# How to tell which variable is more meaningful when modeling the relationship between several predictors and outcome variable?

I'm facing a problem in which I need to figure out two things:

• which predictor, out of several relevant ones, is the most meaningful one in its effect/predictive power over a predicted variable.
• the order of meaningfulness (from most meaningful to least) across those different predictors.

As I do not have an a-priory hypothesis about this investigation, I thought I should be doing some sort of multiple regression analysis. Then, perhaps I should be extracting the terms from the model and see which one is the most meaningful. I already know that going by p-value isn't the right way. Then what is?

## Example

Let's say that I want to investigate which factors affect the well-being of city residents. I sample people (residents) from both New York City and San Francisco, and ask them to rate:

1. Their general satisfaction from their city.
2. How clean their city (in their opinion)
3. How good the level of education in schools
4. How good the public transportation.

The way I see this, there are 3 relevant variables here (cleanliness, education, and transportation) that may be related to overall satisfaction. I want to model this relationship, and conclude how different NYC from SF is. For example, when it comes to overall satisfaction, is the impact of education > transportation > cleanliness in NYC, whereas in SF transportation > education > cleanliness?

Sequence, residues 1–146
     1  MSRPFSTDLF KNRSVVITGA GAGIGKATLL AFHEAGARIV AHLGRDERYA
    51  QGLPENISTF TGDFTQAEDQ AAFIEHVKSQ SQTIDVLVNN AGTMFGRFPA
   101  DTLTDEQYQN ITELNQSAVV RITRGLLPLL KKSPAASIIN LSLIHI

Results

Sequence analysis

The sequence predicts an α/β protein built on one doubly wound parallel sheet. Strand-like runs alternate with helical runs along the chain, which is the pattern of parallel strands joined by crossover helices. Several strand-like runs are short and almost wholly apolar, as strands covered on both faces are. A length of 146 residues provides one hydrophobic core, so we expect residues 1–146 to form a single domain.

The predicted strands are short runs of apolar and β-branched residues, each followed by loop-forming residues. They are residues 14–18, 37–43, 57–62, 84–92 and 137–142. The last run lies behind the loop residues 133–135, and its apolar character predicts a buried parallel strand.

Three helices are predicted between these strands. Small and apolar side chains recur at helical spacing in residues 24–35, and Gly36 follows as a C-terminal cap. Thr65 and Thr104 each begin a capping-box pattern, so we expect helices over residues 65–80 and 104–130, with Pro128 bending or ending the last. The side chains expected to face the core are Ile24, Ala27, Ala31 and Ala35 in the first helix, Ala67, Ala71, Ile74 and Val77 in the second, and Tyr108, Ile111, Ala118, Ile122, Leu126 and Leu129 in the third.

Here's some toy data to demonstrate.

my_df <- structure(list(location = c("sf", "nyc", "nyc", "sf", "nyc",
"nyc", "nyc", "nyc", "nyc", "sf", "nyc", "sf", "sf", "sf", "nyc",
"sf", "sf", "nyc", "nyc", "nyc", "sf", "sf", "sf", "sf", "sf",
"nyc", "sf", "sf", "nyc", "sf", "nyc", "nyc", "nyc", "sf", "nyc",
"nyc", "nyc", "sf", "nyc", "sf", "sf", "nyc", "nyc", "nyc", "nyc",
"nyc", "nyc", "nyc", "nyc", "sf", "nyc", "nyc", "sf", "sf", "nyc",
"nyc", "nyc", "nyc", "sf", "sf", "nyc", "sf", "nyc", "nyc", "sf",
"nyc", "sf", "sf", "nyc", "nyc", "nyc", "nyc", "sf", "nyc", "nyc",
"nyc", "sf", "sf", "nyc", "nyc", "nyc", "nyc", "sf", "sf", "nyc",
"nyc", "nyc", "sf", "sf", "sf", "nyc", "sf", "sf", "sf", "nyc",
"nyc", "nyc", "nyc", "nyc", "nyc"),
satisfied = c(5, 1, 7, 5,
7, 1, 5, 5, 5, 7, 7, 4, 1, 3, 5, 6, 7, 7, 6, 4, 4, 5, 6, 5, 5,
7, 5, 6, 5, 4, 7, 7, 5, 5, 4, 7, 7, 5, 6, 6, 3, 6, 5, 7, 5, 7,
6, 5, 4, 3, 6, 5, 7, 3, 5, 5, 7, 5, 6, 7, 7, 7, 7, 5, 4, 7, 6,
7, 7, 6, 6, 6, 5, 7, 5, 4, 6, 4, 7, 5, 6, 6, 5, 5, 6, 7, 6, 5,
1, 5, 2, 7, 7, 7, 7, 7, 1, 3, 7, 7),
clean = c(4, 1,
7, 3, 4, 1, 6, 6, 7, 4, 5, 1, 1, 1, 4, 6, 6, 1, 6, 1, 4, 2, 2,
7, 3, 5, 2, 4, 1, 1, 4, 6, 3, 5, 1, 4, 5, 2, 5, 5, 4, 5, 4, 7,
3, 6, 5, 4, 5, 4, 5, 4, 5, 1, 5, 2, 6, 5, 7, 6, 3, 7, 5, 6, 4,
6, 6, 5, 5, 5, 4, 1, 4, 4, 5, 1, 3, 1, 2, 2, 6, 4, 3, 6, 7, 7,
5, 2, 4, 1, 3, 1, 5, 3, 5, 5, 1, 1, 5, 6),
edu = c(5,
1, 7, 4, 4, 1, 6, 6, 6, 4, 5, 4, 4, 3, 3, 5, 4, 1, 1, 3, 5, 6,
5, 5, 3, 6, 2, 4, 4, 4, 6, 3, 4, 7, 1, 4, 7, 5, 6, 5, 5, 5, 4,
7, 3, 7, 6, 5, 5, 4, 5, 3, 4, 4, 4, 7, 5, 4, 6, 6, 4, 7, 4, 2,
5, 6, 6, 7, 6, 7, 3, 3, 2, 6, 6, 2, 5, 3, 6, 5, 6, 4, 4, 5, 6,
7, 3, 3, 4, 5, 4, 1, 3, 4, 4, 6, 5, 1, 4, 6),
transportation = c(1,
1, 7, 5, 7, 1, 4, 6, 6, 6, 6, 1, 1, 1, 5, 5, 4, 7, 6, 6, 7, 5,
2, 7, 3, 6, 1, 4, 7, 5, 6, 7, 4, 3, 2, 6, 4, 2, 6, 5, 4, 7, 6,
7, 3, 7, 4, 4, 5, 4, 6, 3, 5, 2, 7, 3, 7, 7, 7, 6, 7, 7, 7, 5,
3, 5, 4, 7, 6, 6, 4, 2, 4, 4, 5, 6, 5, 2, 6, 2, 6, 6, 3, 4, 7,
7, 7, 4, 5, 4, 5, 3, 7, 5, 7, 7, 7, 1, 6, 6)),
row.names = c(NA, -100L),